52 Photos ~ Holiday traditions

Holiday tradtions

Between an early Hanukkah, a late Thanksgiving, and Christmas arriving spot on time, haven’t we been observing holiday traditions for months now?

So it feels.

We have a handful of holiday traditions, but we’re just as apt to throw tradition out the window, paring the celebration down to a few essentials to mark the day as significant.

For instance, for Hanukkah, we light the menorah every night. Well, most nights. And sometimes more than one menorah, depending on our moods. And we make at least one batch of latkes during the week, sometimes eating most of them just as they come out of the pan, after they’ve cooled slightly on paper towels. Since the days of H’s tiny childhood, every night we hide a blue plastic dreidel (which conceals a few chocolate coins) somewhere in the house for her to find.

Most years for Christmas, we make candied orange peels and beef jerky to give to our friends and family. Some years we make jam, or cajeta, or cookies, or granola, or candy, or bread, or pickles, or applesauce, or membrillo. Some years everyone gets some. Some years, only family.

Without fail, we cut our Christmas tree with old friends every year. Most years we take the dogs. Some years, it seems a bother.

What doesn’t seem to change are the holiday movies. Somewhere in late November, we start singing, “I’m dreaming of a White Christmas…” and then we debate if it’s too early to start watching Christmas movies.

Nope. How can be it too early?

We watch a variety every year, but the three that we always seem to return to are the classic, singable “White Christmas,” the gloriously moody (and funny) 1951 version of “A Christmas Carol” (or “Scrooge”), starring Alistair Sim, and the gentle, light-hearted “We’re No Angels” (the original 1955, thank you very much).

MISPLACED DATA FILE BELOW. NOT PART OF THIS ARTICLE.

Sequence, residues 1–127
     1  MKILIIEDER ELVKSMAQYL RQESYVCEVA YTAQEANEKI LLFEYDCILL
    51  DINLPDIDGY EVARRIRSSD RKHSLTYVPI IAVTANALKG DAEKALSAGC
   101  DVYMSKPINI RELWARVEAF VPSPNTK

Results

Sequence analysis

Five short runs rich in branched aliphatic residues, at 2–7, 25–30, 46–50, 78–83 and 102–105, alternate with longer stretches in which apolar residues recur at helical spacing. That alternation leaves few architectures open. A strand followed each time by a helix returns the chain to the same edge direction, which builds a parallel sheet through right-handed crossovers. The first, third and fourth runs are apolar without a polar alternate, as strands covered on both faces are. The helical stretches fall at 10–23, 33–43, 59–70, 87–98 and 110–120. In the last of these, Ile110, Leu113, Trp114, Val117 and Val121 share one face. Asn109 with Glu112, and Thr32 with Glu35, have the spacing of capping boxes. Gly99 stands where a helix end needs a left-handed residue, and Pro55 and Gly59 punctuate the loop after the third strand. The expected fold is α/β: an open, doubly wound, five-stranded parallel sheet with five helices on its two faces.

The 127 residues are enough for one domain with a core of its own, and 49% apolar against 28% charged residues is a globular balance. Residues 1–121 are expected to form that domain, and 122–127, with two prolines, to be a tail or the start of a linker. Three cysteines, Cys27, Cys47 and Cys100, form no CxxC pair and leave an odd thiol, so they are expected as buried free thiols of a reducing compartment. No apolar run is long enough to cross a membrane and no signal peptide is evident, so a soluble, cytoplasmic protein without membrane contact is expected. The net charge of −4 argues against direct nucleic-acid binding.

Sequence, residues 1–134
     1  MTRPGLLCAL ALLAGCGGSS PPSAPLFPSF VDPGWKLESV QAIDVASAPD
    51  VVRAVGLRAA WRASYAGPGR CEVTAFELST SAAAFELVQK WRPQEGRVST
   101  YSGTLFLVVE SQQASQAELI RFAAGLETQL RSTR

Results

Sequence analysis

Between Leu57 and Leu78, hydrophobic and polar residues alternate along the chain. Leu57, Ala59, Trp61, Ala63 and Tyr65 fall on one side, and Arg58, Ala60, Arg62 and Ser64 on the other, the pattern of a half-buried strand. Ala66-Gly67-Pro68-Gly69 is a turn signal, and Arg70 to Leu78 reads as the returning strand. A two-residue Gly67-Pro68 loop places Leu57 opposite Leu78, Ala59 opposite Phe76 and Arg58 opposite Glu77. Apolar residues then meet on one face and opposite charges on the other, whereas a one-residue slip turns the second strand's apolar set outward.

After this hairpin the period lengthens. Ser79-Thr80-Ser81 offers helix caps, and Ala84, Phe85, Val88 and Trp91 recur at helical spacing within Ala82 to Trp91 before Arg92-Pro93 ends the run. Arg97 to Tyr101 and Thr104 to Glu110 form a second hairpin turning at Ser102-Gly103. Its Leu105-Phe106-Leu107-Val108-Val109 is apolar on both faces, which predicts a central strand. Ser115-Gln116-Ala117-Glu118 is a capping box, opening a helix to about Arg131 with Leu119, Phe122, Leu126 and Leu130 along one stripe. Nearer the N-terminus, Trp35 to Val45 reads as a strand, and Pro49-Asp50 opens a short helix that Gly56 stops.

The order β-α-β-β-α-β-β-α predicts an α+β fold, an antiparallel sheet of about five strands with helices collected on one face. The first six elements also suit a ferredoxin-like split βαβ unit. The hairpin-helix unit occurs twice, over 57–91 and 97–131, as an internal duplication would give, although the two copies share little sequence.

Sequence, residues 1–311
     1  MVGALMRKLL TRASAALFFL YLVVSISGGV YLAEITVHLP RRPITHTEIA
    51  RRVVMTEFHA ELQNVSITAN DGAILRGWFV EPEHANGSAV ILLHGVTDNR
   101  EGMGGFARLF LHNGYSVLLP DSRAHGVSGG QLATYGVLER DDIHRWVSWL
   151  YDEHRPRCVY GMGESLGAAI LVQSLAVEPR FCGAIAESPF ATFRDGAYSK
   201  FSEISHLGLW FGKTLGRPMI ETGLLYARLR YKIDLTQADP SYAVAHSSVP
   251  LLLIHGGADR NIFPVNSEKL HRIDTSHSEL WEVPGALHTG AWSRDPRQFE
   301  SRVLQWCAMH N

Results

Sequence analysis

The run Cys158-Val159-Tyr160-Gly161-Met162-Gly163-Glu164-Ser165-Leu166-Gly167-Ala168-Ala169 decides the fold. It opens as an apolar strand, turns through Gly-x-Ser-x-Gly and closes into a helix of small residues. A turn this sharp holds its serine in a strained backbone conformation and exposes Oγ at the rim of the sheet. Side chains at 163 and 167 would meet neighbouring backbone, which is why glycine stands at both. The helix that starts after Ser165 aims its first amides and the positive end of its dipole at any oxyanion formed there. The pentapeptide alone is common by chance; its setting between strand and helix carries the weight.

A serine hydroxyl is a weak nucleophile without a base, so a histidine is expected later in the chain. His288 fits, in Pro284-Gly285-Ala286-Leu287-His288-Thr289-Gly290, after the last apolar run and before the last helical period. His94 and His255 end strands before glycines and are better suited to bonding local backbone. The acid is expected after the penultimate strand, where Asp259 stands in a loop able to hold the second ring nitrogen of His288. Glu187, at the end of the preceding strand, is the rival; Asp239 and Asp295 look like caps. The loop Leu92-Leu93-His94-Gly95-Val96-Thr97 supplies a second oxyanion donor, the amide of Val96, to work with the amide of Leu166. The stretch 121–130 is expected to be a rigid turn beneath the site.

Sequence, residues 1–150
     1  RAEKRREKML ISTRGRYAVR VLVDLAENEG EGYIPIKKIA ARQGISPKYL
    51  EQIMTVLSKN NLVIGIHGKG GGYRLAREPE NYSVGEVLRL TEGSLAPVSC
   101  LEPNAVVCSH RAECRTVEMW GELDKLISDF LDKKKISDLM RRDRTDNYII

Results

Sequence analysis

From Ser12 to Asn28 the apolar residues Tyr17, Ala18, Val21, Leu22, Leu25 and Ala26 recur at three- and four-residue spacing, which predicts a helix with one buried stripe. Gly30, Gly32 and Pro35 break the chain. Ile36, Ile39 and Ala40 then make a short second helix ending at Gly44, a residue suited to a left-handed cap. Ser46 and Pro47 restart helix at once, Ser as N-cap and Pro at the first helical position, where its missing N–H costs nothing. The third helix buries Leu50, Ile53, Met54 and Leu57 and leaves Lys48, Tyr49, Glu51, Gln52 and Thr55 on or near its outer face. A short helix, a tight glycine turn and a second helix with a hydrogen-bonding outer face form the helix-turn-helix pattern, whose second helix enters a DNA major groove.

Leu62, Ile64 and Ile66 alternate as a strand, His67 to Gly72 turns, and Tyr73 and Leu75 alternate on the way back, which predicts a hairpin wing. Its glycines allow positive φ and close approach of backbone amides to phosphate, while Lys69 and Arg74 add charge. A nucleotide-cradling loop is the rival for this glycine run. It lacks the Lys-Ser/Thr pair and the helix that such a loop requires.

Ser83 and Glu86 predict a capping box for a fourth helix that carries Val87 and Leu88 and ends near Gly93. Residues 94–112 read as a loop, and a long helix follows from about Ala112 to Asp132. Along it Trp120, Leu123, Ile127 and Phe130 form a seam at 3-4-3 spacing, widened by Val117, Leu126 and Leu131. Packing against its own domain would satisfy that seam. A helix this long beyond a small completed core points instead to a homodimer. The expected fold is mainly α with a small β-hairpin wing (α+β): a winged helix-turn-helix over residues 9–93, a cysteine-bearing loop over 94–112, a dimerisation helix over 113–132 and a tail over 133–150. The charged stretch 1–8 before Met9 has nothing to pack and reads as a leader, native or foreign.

Maybe one or all of these are your family’s favorites, too. Just in case you haven’t seen them, here are a couple excerpts to give you a taste.

First, one of our family’s favorite scene from any movie, the part in “We’re No Angels” where Bogart, Ustinov, and Ray debate how and when to tell Cousin Andre that he’s just taken a box with Adolf, the poisonous snake, into his room.

“He knows already.”

That line is like a perfectly baked little cookie we eat only once a year, crisp and full of flavor.

Second, the delightfully fun ending to “Scrooge,” after Ebenezer has been transformed by his visits from the spirits of Christmas. I’m particularly partial to the scene that takes place on the staircase, around 3:40:

If Ebenezer’s rebirth doesn’t bring your heart some holiday cheer, I don’t know what will.

What are your favorite holiday movies (or songs, or books)?

Whatever your traditions, or the holidays you celebrate, the people you are with, or the people you are missing, the foods you eat, the movies you watch, the stories you tell, we wish you all a beautiful week, and if it applies, a very Merry Christmas!


This photo and post are in response to this week’s theme for the 52 Photos Project. You should participate, too! Read about how it works here. You can see a gallery of everyone’s photos for this week’s theme here. To see a list of all my blog posts for this project, go here.

Thanksgiving is all about traditions

It’s that time of year again, when we gather with those we love for a long weekend of overeating, marathon dish washing sessions, playing board games, taking dogs on long walks, drinking margaritas, and revealing embarrassing secrets (usually after drinking the aforementioned margaritas).

Last year’s theme was guilty pleasure songs. This year, we’re sharing our guilty pleasure movies.

How well do you know us? We challenge you to figure out which guilty pleasure belongs to which of us (Laurel, Hyla, Michael, Rebecca, Adam, or Liz). Make just two correct guesses and we’ll send you your choice of either some homemade goat cheese from us or some caramels from Sweet Lolo’s. And while you’re at it, let us know your guilty pleasure movies.

Are any of these on your list?

The Abominable Dr. Phibes
(1971), starring Vincent Price

(1980), starring Olivia Newton-John, Michael Beck, and Gene Kelly

Seven Brides for Seven Brothers
(1954), starring Howard Keel, Jane Powell, seven brides and seven brothers

Thoroughly Modern Millie
(1967), starring Julie Andrews, James Fox, Mary Tyler Moore, John Gavin, Carol Channing, and Beatrice Lillie

Austin Powers, International Man of Mystery
(1997), starring Mike Myers, Elizabeth Hurley, Robert Wagner, Seth Green, and Michael York

Mr. Holland’s Opus
(1995), starring Richard Dreyfuss, Glenne Headly, Olympia Dukakis, William H. Macy, and Jay Thomas